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Most Common Symptoms of a Vitamin C Deficiency

6 min read

By Jeff Hayward

Medically Reviewed by Patty Weasler, RN

You know that vitamin C can help keep colds at bay and lessen their severity, but that’s definitely not the only reason you should be consuming this important antioxidant.

Not getting enough vitamin C can lead to a variety of health problems, from feeling tired all the time to oral bleeding without explanation. The good news is that eating an orange, drinking orange juice or taking supplements can usually remedy this deficiency pretty quickly. Let’s take a look at 12 signs you’re not getting enough C.

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Enflamed/Bleeding Gums

One of the biggest telltale signs you’re running low on vitamin C is having gums that bleed easily (especially when brushing or flossing). If you have any sores on your gums, low vitamin C means they won’t heal as quickly, adds Reader’s Digest.

Swollen gums are from inflammation, “a process that vitamin C helps prevent as an antioxidant,” it adds. Studies have shown that adequate vitamin C intake (the recommended amount is 65 to 90-mg a day) has been linked to better gum health, says the source.

Loose Teeth

Along with bleeding and sore gums, you might start to notice your teeth aren’t anchored as well as they should be, says “Weakness of bone, cartilage, teeth, and connective tissue can result in loose and decaying teeth and eventual tooth loss,” it adds.

The source also makes note of the swollen gums, which are tied to “defects in the oral epithelial basement membrane and periodontal collagen fiber synthesis.” In other words, unhealthy gums and other structural weaknesses due to vitamin C deficiency can make your teeth fall out.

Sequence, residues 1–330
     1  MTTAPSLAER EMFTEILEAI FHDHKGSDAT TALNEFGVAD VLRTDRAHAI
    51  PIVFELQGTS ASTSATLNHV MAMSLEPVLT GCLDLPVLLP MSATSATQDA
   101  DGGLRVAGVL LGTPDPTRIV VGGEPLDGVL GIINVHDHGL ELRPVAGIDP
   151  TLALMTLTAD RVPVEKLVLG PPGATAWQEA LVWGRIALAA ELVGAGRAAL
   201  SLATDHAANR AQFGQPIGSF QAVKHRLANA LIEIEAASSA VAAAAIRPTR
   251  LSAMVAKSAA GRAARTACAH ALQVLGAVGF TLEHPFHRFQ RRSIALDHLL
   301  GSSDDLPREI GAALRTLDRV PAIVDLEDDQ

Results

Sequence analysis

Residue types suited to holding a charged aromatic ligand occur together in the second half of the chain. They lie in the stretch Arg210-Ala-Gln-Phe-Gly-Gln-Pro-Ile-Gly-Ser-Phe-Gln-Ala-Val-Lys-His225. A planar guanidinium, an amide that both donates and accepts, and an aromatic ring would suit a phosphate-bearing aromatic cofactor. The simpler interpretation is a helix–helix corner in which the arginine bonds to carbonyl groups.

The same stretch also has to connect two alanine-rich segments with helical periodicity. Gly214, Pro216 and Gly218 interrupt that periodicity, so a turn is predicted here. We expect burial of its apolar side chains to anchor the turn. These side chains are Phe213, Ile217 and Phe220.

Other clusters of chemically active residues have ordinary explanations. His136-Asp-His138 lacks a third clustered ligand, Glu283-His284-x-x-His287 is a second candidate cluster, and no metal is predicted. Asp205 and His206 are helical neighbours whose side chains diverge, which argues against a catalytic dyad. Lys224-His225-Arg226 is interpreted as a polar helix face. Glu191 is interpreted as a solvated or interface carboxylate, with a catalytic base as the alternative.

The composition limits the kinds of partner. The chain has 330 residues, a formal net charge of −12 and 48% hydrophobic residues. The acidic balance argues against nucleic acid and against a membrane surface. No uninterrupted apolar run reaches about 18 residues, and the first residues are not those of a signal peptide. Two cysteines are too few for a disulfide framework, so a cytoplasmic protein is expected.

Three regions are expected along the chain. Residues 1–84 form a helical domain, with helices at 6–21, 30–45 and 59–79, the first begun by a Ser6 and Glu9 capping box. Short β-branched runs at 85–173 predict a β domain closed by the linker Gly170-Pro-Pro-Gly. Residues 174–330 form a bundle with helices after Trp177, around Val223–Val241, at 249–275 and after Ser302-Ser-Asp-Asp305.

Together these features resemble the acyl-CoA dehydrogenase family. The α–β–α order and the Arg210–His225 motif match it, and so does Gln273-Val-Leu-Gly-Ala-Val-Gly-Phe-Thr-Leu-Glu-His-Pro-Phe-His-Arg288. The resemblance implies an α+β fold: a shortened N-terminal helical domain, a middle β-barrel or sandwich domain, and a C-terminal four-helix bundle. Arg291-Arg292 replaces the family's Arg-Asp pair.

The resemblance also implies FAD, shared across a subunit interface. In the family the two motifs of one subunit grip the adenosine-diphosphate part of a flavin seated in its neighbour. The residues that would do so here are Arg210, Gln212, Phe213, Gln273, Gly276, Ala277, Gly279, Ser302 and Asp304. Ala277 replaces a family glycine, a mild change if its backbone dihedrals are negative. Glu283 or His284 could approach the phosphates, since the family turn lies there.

Bleeding From The Nose

This can happen more often than not for some people and could be tied to high altitudes or dryness – but it can also signal that you need to boost your intake of vitamin C, notes Reader’s Digest.

Vessels in the nose rely on collagen for strength, and vitamin C is essential to the production of collagen. “Nosebleeds occur when the tiny blood vessels in the nose burst, so frequent nosebleeds are a sign of weak blood vessels in the nose,” it explains.

Dry and Rough Skin

Collagen is also responsible for keeping your skin elastic and younger-looking (which is why so many beauty products boast collagen content). So it’s no surprise that skimping on vitamin C will have a negative impact on the appearance and texture of your body’s biggest organ.

“The skin may become rough, brown, scaly and dry,” when you’re running low on this vitamin, explains Livestrong. This put simply is due to inhibited collagen production, it adds.

Splitting Hairs

A source called explains that splitting hair and even nails can signal a low level of vitamin C. “Because hair is a non-essential tissue, nutrients such as vitamin C are sent to more important organs and tissues first, before making their way to the hair,” it explains.

So while you may not have other signs of C deficiency, your body may start rationing it and this will keep you from having the shiny hair and strong nails you’ve been hoping for.

Mood Changes explains that while vitamin C is often touted for its ability to fight off physical ailments, it could be just as important to help avoid psychological issues as well. The source says a deficiency of vitamin C “can cause neurological damage and the addition of vitamin C to the diet can improve or reverse symptoms of anxiety, depression, and bipolar disorder.”

It backs up this claim by citing a study from the Vanderbilt University Medical Center that shows mice deprived of vitamin C caused “depressive and submissive behaviors” as well as an increased preference for sugar. The researchers measured lower levels of serotonin and dopamine in the brains of the subjects, 2-brain chemicals that have been linked to mood in humans, it adds.